Kasubi Tombs, Uganda The various clans had traditionally been responsible for various aspects of preserving the tombs. However, when Uganda became a Republic the site was gazetted under the Monument Act, the Government took over its management, and the clans lost their technical responsibilities. ‘In 1998, a mission was organised by the Africa 2009 programme …[which] pointed out the need to set up a permanent maintenance team and to revive the role of the traditional clans and their associated techniques. As part of this on-site training, several repair works were undertaken on the thatched roofs under the technical responsibility of the Ngeye clan, who started to re-gain recognition’84

83J. Sanday, The Hanuman Dhoka Royal Palace Kathmandu: Building Conservation and Local Traditional Crafts, London: Art and Archaeology Research Papers, 1974, p. 20-2.

84R. Kigongo, ‘Kasubi Tombs: traditional conservation methods and techniques’, Africa 2009: Conservation of Immovable Cultural Heritage in Sub-Saharan Africa: Research project on traditional conservation practices in Africa, CRATerre-EAG, 2001, p. 51-52.

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D.1.b Training

There is a need not just for training with the object of creating a third profession of conservation craftsman, which has been dealt with in Section B, but also to familiarise craftsmen and conservation professionals with the issues, skills and possibilities on either side.

• Training of craftsmen offering the possibility to gain an understanding of conservation issues.

William Morris Craft Fellowship An expenses-paid six-month training course for a small number of outstanding young British craftsmen concentrating on aspects of the building crafts in relation to historic architecture. ‘Two cardinal themes will run through the course, the philosophy of repair and excellence in craftsmanship’. The scheme is funded by the Historic Buildings and Monuments Commission, the National Trust, the Civic Trust, the Cathedral Advisory Commission and the Society for the Protection of Ancient Buildings.85

Abomey An ICCROM CRATerre-EAG project in 1996 involved the training of nine artisans from nine different royal lines in the conservation and repair of palace structures. At the end of the course the participants declared themselves convinced by the ideas developed during the workshop and prepared to advise their ‘clients’ to put them into practice.86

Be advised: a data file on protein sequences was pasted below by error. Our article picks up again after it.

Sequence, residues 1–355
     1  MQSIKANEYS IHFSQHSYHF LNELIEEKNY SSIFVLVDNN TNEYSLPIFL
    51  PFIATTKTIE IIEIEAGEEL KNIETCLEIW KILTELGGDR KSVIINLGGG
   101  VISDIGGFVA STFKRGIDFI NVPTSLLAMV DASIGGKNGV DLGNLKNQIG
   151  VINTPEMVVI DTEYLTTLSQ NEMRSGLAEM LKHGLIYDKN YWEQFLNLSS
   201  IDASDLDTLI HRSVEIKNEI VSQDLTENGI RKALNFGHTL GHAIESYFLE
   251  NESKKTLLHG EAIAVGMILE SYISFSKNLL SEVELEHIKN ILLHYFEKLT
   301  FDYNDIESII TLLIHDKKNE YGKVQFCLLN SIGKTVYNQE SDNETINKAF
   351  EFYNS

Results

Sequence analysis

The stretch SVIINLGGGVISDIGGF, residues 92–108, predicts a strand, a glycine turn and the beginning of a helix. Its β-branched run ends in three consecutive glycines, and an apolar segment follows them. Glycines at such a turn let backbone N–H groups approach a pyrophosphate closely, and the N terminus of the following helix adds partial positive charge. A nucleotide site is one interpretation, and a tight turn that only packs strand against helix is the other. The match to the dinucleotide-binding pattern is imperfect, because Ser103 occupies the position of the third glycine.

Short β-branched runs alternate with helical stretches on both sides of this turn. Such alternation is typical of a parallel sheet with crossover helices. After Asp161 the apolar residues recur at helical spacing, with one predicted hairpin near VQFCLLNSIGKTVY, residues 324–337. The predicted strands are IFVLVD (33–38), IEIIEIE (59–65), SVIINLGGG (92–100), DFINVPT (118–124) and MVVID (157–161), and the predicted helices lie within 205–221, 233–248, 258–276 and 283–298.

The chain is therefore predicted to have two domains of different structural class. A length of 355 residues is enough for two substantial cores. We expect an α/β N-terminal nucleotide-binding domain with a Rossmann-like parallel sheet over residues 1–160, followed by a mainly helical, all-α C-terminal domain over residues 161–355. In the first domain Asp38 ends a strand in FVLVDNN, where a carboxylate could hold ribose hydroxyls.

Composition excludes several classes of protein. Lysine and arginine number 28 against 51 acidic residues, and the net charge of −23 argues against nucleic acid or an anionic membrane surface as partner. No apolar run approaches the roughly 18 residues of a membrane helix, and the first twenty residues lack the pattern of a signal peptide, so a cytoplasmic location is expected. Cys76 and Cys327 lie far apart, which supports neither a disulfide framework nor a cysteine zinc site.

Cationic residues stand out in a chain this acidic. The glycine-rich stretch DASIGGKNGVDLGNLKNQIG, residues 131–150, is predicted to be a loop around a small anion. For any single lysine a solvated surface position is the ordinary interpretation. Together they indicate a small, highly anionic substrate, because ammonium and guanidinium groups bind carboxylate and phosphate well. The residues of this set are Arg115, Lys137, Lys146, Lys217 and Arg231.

• Training of conservation professionals in craft skills, ranging from the simple use of tools to more specialised training. Even if relatively short term compared to the training of a craftsman, such training can take account of characteristic learning processes.

Apprenticeship in Lacquer Work Susanne Barchalia, after four years of training as a silversmith and a subsequent training in conservation at the Conservation School of the Royal Danish Academy of Fine Arts, underwent a year-long apprenticeship in Japan under an master in traditional lacquer-work, in order to be able to deal with the National Museum of Denmark’s large collection of east Asian lacquer. Her purpose was ‘not to learn lacquer technique from the beginning, but to be taught the basic principles of lacquering in order to apply them in [her] daily work as a conservator’.87

85L. Richmond, ‘Introducing The William Morris Craft Fellowship’, SPAB News, VII, No. 4, 1986, pp. 10-11.

86T. Joffroy and S. Moriset, Atelier-formation d’artisans, Abomey, 8-26 janvier 1996 : rapport de la mission au Musée historique d’Abomey, Grenoble: CRATerre-EAG, 1996, p. 26.

87S. Barchalia, ‘Apprenticeship and Conservation’, Urushi : Proceedings of the Urushi Study Group, June 10-27, 1985, Tokyo, ed. N. S. Brommelle and P. Smith, Marina del Rey : The Getty Conservation Group, 1988, pp. 121-26, esp. p. 122.

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D.2 How can the Restoration – Conservation Field Interact with Others Involved in the Perpetuation of Crafts?

D.2.a Promotion There is a need for the promotion of the cultural heritage value of crafts in all crafts organisations and training centres, not only those teaching skills useful in restoration.